By Dan Suzuki, CFA, Richard Bernstein Advisors
RBA is a macro-based investment firm, but we are not event driven. Billions, if not trillions, of dollars are singularly focused on profiting off of whether a vote will go a given way, whether an economic data print will surprise to the upside/downside, or when a geopolitical event is likely to occur.
In recent years, significant amounts of capital have also flowed toward funds competing to be first to the trade. The increased competition around predicting and reacting to macro catalysts has made it harder and harder to eke out consistent alpha in these strategies. Instead of competing with these funds, we invest based on profits, liquidity and sentiment, with our investment horizons measured in months and years, not seconds, days or even weeks.
The latest catalyst that investors seem to be trying to predict is a potential trade deal with China (not to mention the rest of the US’s trading partners). While we do not trade based on event predictions, we think it is likely that the US and China will ultimately reach an agreement. But the risk that the US/China relationship deteriorates has risen since the beginning of the year, and this reinforces our emphasis on quality and stable growth over cyclicality.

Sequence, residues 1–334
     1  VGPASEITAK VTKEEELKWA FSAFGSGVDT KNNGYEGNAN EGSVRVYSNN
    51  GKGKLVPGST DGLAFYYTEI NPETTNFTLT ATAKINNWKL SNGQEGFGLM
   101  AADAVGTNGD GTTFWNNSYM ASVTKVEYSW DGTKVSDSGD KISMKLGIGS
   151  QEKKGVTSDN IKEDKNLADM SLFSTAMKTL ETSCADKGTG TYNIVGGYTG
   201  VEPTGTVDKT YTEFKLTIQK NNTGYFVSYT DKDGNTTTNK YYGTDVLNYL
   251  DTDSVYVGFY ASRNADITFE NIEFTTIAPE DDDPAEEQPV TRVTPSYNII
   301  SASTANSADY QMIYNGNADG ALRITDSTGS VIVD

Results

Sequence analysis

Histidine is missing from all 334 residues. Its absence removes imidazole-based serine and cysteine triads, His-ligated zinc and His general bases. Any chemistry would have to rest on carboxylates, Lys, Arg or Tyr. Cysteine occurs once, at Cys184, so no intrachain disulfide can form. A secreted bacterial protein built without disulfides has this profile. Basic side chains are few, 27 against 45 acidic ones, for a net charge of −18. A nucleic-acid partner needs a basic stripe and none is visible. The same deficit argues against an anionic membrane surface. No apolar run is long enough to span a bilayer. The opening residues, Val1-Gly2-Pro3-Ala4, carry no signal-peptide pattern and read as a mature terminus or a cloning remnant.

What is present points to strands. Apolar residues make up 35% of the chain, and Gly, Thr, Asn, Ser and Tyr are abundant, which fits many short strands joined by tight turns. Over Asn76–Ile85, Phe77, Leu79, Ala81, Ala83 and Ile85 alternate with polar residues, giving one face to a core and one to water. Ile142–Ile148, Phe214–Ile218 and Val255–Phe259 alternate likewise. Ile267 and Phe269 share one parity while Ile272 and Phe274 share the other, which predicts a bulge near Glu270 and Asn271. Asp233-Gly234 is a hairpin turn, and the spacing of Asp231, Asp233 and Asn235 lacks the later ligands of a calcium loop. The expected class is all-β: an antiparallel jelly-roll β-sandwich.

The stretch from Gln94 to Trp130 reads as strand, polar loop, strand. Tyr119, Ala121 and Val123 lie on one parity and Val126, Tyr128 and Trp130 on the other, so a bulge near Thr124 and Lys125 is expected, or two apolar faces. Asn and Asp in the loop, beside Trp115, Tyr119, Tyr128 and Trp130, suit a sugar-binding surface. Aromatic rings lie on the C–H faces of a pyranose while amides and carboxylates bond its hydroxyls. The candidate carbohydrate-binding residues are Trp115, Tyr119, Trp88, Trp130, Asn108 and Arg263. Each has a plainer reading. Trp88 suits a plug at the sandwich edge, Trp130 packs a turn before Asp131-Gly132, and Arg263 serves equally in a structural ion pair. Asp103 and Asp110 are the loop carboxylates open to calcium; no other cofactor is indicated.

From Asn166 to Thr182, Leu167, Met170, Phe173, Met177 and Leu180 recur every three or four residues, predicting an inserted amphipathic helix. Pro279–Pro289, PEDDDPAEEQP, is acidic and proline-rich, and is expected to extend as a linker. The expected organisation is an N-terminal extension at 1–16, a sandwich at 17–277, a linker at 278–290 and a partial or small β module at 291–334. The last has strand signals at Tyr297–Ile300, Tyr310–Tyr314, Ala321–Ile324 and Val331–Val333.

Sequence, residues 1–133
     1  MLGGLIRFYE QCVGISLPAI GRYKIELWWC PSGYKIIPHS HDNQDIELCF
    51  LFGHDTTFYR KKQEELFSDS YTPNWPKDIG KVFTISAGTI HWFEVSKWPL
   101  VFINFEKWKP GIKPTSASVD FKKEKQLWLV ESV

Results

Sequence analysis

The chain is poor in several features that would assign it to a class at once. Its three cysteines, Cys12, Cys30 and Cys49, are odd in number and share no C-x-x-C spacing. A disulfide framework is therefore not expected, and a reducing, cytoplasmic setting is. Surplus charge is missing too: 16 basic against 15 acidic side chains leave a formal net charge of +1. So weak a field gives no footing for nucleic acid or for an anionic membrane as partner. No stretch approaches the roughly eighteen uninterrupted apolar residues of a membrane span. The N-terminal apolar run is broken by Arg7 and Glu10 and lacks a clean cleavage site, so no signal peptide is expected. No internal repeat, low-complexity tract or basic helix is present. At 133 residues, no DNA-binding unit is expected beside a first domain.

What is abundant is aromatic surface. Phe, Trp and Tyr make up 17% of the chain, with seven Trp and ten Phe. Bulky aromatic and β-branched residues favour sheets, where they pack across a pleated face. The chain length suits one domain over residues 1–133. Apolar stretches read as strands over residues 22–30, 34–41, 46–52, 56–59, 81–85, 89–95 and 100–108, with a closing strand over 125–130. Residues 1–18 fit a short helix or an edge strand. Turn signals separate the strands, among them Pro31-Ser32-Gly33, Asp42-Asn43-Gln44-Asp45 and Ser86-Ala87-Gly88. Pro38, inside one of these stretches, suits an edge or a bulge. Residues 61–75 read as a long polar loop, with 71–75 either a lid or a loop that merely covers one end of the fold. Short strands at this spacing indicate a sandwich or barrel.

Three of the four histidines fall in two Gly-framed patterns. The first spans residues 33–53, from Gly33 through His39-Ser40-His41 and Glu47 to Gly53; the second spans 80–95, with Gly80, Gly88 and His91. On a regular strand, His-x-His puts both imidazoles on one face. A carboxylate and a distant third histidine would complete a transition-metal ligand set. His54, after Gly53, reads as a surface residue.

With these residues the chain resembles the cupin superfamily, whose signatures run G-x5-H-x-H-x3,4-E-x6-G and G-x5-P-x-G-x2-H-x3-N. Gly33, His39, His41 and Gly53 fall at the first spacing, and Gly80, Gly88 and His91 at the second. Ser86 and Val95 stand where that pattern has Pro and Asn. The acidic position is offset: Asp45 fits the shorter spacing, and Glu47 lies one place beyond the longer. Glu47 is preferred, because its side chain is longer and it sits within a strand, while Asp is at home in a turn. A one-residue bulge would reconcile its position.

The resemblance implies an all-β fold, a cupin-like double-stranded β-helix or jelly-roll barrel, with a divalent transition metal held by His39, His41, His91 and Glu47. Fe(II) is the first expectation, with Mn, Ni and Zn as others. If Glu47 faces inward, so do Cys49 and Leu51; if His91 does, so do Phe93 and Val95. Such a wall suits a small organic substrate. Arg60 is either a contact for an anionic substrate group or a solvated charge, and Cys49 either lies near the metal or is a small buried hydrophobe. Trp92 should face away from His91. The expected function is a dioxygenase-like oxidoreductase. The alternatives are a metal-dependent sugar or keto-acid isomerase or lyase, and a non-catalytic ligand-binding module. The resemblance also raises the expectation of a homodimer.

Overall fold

The below chart from Morgan Stanley shows the mentions of the word “tariff” on companies’ quarterly earnings calls. The sectors most concerned about tariffs are the most global and cyclical sectors. Sectors such as Utilities, Health Care and Consumer Staples (our most overweighted sectors) are among the sectors mentioning tariffs the least. So, whether one is focused on the slowing profit cycle as we are or are concerned about trade wars, the appropriate investment positioning seems generally the same.
Mentions of ‘tariff’ on corporate earnings calls: Sector breakdown
Source: Richard Bernstein Advisors LLC, Morgan Stanley
Dan Suzuki, CFA
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